Target an audience. Launch a campaign. Capture the market.
Many marketers use terms that sound a lot like what a military unit would use to describe a plan of attack. But that's no way to talk about a relationship, which is what marketers should really be after. In fact, it's terms like these might make you think that they've been taught to treat their customers like the enemy. No wonder people are so cynical about advertising and public relations.
What if you walked up to a stranger on the street and said "Hello, you may not have been aware that I've spent thousands of dollars tracking and targeting you for the last six months. And because my company's owns a relationship with you, I thought I would contact you."
Any reasonable person would run the other way or call the police. No one wants to be captured, much less be considered owned by a company's marketing and sales department.
Companies are forever buying market share through mergers and acquisitions with the assumption that loyalty and goodwill are just as transferable as all the other assets in the transaction. While it's possible to earn the loyalty, respect and trust of a customer, thinking that you own the customer from the get go can be extremely destructive to the hard-earned relationship. You risk alienating large portions of the customer base.
Now, what if you had walked up to that same stranger and said, "Would you mind sharing your thoughts on how we could do a better job for you?"
Chances are that stranger might actually listen to what you have to say and consider building a relationship with your brand.
Who started the war against consumers anyway?
In 1972, the book Positioning: Battlefield For Your Mind, by Al Ries and Jack Trout became one of the best selling business books of all times. In 1986, Ries and Trout followed up with Marketing Warfare which also became a best seller. These two books introduced much of the military lexicon that is still used in marketing today.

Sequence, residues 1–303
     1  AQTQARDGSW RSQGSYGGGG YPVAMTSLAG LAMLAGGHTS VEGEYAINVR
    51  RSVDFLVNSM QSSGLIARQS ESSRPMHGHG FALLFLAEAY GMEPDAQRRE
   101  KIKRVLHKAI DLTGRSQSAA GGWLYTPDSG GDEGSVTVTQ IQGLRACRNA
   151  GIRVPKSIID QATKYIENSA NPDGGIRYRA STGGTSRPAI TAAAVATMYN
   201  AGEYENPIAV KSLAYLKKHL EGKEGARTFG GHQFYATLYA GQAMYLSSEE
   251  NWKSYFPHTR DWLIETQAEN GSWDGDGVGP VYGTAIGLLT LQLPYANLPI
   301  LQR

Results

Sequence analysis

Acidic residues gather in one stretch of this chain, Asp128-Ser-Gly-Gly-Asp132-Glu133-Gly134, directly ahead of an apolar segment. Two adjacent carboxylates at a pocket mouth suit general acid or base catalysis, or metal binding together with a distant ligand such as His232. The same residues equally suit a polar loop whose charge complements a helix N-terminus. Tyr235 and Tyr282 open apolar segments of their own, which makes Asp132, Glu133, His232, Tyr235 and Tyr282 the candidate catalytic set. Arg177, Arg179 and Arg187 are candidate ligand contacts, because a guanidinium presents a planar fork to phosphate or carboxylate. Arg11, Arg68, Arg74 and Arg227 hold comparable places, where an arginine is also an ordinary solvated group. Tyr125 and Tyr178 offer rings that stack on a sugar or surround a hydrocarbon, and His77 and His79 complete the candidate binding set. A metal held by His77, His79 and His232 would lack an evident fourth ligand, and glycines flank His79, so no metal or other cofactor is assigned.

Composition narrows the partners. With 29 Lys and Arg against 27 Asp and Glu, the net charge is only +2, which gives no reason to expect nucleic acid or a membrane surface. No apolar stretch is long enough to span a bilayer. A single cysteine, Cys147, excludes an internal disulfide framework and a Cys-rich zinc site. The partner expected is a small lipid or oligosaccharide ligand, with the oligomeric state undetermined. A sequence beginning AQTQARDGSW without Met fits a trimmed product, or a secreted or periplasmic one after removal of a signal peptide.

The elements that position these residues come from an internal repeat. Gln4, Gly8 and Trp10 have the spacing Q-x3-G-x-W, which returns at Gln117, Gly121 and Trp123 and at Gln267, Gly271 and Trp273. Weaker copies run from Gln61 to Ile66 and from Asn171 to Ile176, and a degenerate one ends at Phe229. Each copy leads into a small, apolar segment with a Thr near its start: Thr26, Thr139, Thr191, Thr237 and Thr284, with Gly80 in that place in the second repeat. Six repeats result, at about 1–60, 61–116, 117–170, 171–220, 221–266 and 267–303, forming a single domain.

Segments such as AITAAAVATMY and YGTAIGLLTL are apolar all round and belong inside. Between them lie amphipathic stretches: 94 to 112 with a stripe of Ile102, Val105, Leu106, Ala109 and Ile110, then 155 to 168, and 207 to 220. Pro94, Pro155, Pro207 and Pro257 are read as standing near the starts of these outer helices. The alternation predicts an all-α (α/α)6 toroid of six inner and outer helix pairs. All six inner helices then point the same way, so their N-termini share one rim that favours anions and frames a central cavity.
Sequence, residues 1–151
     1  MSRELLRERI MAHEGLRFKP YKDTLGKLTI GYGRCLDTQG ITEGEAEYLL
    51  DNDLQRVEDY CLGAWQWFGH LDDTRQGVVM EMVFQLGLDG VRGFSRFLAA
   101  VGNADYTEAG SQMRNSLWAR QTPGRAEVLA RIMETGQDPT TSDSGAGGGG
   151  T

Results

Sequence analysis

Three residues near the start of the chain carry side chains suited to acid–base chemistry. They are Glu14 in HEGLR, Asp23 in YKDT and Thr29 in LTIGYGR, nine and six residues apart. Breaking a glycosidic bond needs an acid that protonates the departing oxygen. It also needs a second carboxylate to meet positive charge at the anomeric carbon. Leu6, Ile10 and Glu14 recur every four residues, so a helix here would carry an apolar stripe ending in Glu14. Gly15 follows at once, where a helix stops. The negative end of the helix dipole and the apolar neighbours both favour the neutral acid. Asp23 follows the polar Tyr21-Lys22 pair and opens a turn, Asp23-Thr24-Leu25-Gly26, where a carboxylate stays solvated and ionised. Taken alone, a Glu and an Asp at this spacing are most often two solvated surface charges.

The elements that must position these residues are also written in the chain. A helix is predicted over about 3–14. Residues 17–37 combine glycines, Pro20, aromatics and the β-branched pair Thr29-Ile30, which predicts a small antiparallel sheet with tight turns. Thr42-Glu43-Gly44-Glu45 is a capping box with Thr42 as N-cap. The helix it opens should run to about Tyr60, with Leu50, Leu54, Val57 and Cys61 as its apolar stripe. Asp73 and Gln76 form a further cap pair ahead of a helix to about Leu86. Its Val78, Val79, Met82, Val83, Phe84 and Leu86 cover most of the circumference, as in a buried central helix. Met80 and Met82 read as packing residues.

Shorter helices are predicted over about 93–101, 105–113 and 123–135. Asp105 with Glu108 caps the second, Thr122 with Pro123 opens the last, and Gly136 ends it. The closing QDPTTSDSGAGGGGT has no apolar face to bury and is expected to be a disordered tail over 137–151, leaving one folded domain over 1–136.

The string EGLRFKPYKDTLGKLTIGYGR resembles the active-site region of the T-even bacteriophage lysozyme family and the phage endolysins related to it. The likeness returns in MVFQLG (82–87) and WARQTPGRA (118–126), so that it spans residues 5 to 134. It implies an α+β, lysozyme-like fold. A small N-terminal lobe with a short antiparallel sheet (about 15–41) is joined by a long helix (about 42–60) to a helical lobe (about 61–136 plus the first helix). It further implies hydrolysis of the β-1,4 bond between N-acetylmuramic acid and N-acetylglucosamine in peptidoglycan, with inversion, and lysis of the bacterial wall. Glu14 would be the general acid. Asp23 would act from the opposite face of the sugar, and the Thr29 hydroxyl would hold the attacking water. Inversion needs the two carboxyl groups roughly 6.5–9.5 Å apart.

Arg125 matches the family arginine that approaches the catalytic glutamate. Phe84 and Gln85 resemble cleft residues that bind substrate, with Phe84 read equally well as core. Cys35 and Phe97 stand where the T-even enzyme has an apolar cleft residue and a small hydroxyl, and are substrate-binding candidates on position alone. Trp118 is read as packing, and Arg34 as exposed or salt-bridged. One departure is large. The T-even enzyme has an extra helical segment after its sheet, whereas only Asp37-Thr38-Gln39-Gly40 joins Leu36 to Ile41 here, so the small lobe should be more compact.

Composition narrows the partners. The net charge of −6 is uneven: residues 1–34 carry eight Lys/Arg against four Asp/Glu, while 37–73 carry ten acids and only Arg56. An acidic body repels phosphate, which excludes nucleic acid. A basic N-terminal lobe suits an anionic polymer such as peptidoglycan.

This military language has been around for so long, and is so entrenched in the industry, that people don't even realize its effects. They don't see how this jargon is creating a bunker mentality in the industry.
Psychologists have long understood that the words we use shape our thinking and behavior. Therefore, it's easy to understand why military language gets in the way of relationship-building marketing. If we think of a customer in the abstract as a target, we have lost the opportunity to truly empathize with the customer and gain the insights necessary to initiate and sustain an authentic relationship.
Humans have been building relationships the same way for the past 10,000 years. Most personal relationships start with a conversation. When we meet someone new, we subconsciously begin to ask ourselves a series of questions such as: is the person like me, do we share the same values, would I enjoy spending time with this person, can I trust them?
In business, the strongest relationships with customers are built the same way. Unfortunately, many companies are stuck in the old mindset of relying solely on advertising, public relations and promotions and have not created the opportunity for a conversation. After all, they have already "captured the market."
But in the age of social media, modern marketers will find that "capturing the market" just isn't enough. Through social media, customers are having conversations with or without the participation of the company. Once the conversation is started, people ask the same questions about a company and its products and services as they do about another person. Do I share the company's values, do I trust them, and do I enjoy spending time with the product or service? Today people are very outspoken about these relationships. External conversations have given rise to consumer activism which, in the best case scenario, results in brand loyalists or, in worst-case scenarios, results in reputational hits, boycotts or class-action suits.
Let's replace target markets with customer segment, launch a campaign with start a conversation and capture a market with build relationships. We would be a lot closer to describing the real work of marketers.
It's time for marketers to climb out of the trenches and engage in conversation with customers again. Only then will they build the long-term relationships that they seek.
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